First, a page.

I rise to speak on the Treasury Laws Amendment (Tax Accountability and Fairness) Bill 2023. To begin, I want to draw attention to the illogical and cynical way the government has constructed this bill. I say ‘illogical and cynical’ because in this bill the government bundles two fundamentally separate yet extremely important issues into a single piece of legislation. The first part is to close the regulatory tax loopholes that led to the PwC tax leak scandal. The second part includes important changes to the fossil fuel tax. This government, especially in the last couple of sitting weeks of this year, has demonstrated a continued pattern of rushing legislation, tacking important reforms onto totally unrelated bills and attempting to wedge members of parliament on nationally important issues.
I know it is not unusual for Treasury laws amendment bills to often have many schedules, sometimes on widely disparate matters, but in this particular case it’s clear the government is trying to wedge members, particularly the crossbench, who want to see improvements on integrity and whistleblower matters but who also see this poor excuse for a petroleum resource rent tax for what it truly is. This is not good legislating. This is playing political games, and members of the Australian public deserve much better from their government and from their elected representatives. I will be opposing this bill on its content, but I will also be opposing it on the principle of poor governance. I call on the government to separate this bill so that the parliament can scrutinise the two issues carefully on their individual merits. This is what conscientious legislators do, and, right now, this bill falls significantly short.
I’ll now address the four schedules of the bill that implement the government’s response to the PwC tax leak scandal. This scandal was an outrageous breach of confidentiality by a government hired consultancy. PwC used their privileged access to confidential tax law reforms to help corporations avoid a law that they were consulted on. It was a breach of trust, and PwC showed a deep lack of integrity. The reforms in this bill are a step towards ensuring that tax advisers and their professional associations do not engage in this corrupt behaviour ever again. This bill does so by increasing the maximum penalties for those found guilty of promoting tax exploitation schemes and making sure the right people can be captured by these laws when they engage in misconduct. The bill improves the powers of the Tax Practitioners Board to investigate and regulate any wrongdoing. The reforms also ensure information about misconduct and breaches of confidence can be shared with Treasury so they can be responded to. The gaps in sharing information are a big reason why it took so long to identify the PwC breaches.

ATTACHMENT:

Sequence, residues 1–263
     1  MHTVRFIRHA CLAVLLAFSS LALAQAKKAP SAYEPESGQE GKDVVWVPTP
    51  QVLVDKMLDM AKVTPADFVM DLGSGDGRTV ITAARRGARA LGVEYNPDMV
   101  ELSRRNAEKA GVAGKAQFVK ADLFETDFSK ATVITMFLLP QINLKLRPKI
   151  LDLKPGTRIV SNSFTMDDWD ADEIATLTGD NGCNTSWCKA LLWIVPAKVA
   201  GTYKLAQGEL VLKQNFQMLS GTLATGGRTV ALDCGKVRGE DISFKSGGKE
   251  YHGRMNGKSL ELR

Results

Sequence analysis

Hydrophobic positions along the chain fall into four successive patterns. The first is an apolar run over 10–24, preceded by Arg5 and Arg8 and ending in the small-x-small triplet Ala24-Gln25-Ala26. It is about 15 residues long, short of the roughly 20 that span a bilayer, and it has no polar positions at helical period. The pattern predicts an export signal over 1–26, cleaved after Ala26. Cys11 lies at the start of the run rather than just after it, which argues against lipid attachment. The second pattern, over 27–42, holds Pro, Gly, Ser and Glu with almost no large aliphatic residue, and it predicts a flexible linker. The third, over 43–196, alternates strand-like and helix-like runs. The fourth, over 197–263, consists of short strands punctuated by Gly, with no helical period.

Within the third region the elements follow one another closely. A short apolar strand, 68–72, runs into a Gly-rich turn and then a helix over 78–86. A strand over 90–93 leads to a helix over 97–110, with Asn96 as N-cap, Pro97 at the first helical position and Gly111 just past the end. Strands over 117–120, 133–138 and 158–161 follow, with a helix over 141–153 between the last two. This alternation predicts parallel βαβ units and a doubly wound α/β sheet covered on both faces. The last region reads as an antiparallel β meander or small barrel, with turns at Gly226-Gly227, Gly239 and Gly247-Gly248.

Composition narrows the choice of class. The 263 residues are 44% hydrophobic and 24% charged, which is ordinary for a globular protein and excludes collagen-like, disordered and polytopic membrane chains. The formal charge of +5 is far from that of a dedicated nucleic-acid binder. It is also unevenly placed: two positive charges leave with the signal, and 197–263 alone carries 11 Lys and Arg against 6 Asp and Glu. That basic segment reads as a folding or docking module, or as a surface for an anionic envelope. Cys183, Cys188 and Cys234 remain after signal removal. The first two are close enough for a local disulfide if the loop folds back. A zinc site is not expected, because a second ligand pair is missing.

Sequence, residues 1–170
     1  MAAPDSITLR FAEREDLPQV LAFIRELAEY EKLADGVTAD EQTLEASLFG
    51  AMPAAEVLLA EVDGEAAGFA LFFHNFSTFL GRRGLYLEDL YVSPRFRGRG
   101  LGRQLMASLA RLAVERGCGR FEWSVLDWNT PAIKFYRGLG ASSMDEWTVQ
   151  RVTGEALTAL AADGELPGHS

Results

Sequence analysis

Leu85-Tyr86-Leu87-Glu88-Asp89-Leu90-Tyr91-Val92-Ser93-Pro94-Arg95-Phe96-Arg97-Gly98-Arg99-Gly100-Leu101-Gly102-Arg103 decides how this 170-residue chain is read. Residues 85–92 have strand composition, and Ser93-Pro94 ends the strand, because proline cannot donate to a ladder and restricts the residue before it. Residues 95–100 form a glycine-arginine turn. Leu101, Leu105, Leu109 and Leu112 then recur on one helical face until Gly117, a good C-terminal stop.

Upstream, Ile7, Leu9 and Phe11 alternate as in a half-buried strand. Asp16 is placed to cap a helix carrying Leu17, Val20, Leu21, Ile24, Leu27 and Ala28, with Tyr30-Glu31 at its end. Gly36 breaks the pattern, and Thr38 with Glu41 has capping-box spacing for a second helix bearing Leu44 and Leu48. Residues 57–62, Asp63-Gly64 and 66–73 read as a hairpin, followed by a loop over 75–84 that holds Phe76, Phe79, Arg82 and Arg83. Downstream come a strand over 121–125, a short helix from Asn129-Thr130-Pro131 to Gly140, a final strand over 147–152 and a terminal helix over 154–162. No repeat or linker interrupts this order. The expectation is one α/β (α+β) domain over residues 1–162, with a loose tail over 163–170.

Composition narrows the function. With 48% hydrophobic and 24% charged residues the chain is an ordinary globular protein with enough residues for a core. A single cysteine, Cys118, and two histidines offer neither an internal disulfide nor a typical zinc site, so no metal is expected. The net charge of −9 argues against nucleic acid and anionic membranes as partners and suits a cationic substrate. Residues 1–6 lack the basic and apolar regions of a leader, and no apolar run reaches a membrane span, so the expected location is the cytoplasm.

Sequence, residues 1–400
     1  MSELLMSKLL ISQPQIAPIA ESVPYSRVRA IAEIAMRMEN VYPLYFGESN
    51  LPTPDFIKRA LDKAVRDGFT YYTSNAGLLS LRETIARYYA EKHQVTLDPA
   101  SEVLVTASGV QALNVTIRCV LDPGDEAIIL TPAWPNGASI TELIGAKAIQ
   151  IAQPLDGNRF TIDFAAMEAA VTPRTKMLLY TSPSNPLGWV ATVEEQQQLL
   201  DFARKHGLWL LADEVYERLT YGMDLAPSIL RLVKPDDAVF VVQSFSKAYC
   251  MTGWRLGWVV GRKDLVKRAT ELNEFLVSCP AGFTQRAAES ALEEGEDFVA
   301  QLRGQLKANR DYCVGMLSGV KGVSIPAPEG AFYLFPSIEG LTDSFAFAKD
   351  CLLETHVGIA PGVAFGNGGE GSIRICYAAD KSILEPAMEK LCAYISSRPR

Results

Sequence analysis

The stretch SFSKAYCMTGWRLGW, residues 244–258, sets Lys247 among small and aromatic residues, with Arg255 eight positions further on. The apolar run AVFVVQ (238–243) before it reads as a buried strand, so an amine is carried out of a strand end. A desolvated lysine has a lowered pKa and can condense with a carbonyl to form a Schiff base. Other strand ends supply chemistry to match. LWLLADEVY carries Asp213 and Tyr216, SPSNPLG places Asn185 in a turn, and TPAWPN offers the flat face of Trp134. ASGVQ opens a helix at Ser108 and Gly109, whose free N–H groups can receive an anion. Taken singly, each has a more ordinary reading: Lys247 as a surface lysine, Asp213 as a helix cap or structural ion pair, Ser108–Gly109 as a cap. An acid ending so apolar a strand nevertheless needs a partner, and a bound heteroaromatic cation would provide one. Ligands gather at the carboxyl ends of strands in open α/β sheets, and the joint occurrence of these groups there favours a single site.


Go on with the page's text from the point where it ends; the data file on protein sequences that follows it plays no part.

Most importantly, this bill extends protections for tax whistleblowers. If someone wants to disclose information to the Tax Practitioners Board about misconduct and breaches of confidence, they will be protected. Whistleblowers will be able to seek professional assistance—for example, for psychologists—in making a disclosure, and we know this is important because of the personal and professional toll that disclosing wrongdoing can take. Getting help should not be criminalised. These amendments also protect whistleblowers from detrimental conduct relating to their disclosure of misconduct, like job loss.
These amendments are all important steps in the right direction to make much-needed reforms to our whistleblower protection laws, but they do not go anywhere near far enough. This law introduces protections only for tax whistleblowers. Major gaps still remain for all other types of whistleblowers, in both the public sector and the private sector. In 2017 a parliamentary joint committee issued a report on whistleblower protections. They clearly recommended the following:
Commonwealth public sector whistleblowing legislation remain in a single updated Act, redrafted in parallel with the private sector Act;
Commonwealth private sector whistleblowing legislation (including tax) be brought together into a single Act; …
This recommendation was clear and concise, and yet more than five years later the government is continuing this trend of promising strong whistleblower protection reforms but, in reality, just tinkering around the edges. They introduce some tax whistleblower protections while ignoring other gaping holes. The result is what the Human Rights Law Centre, Griffith University and Transparency International describe as ‘a fragmented, duplicatory and inconsistent landscape of federal whistleblower protections’.
The government, and by that I mean the Attorney-General, the Treasurer, the Minister for Financial Services and everyone whose portfolio deals with whistleblowers, must get on with it and introduce legislation that is comprehensive, consistent and holistic. They must also introduce legislation for a whistleblower protection authority—and I acknowledge that the Attorney-General has issued a discussion paper that’s open for comment right now. Such an authority is imperative to ensure that whistleblowers can receive the right advice and support. These reforms are essential to restoring public trust across the private and public sectors, and I’m here to work with government on these comprehensive reforms. I sincerely hope that they take up this invitation.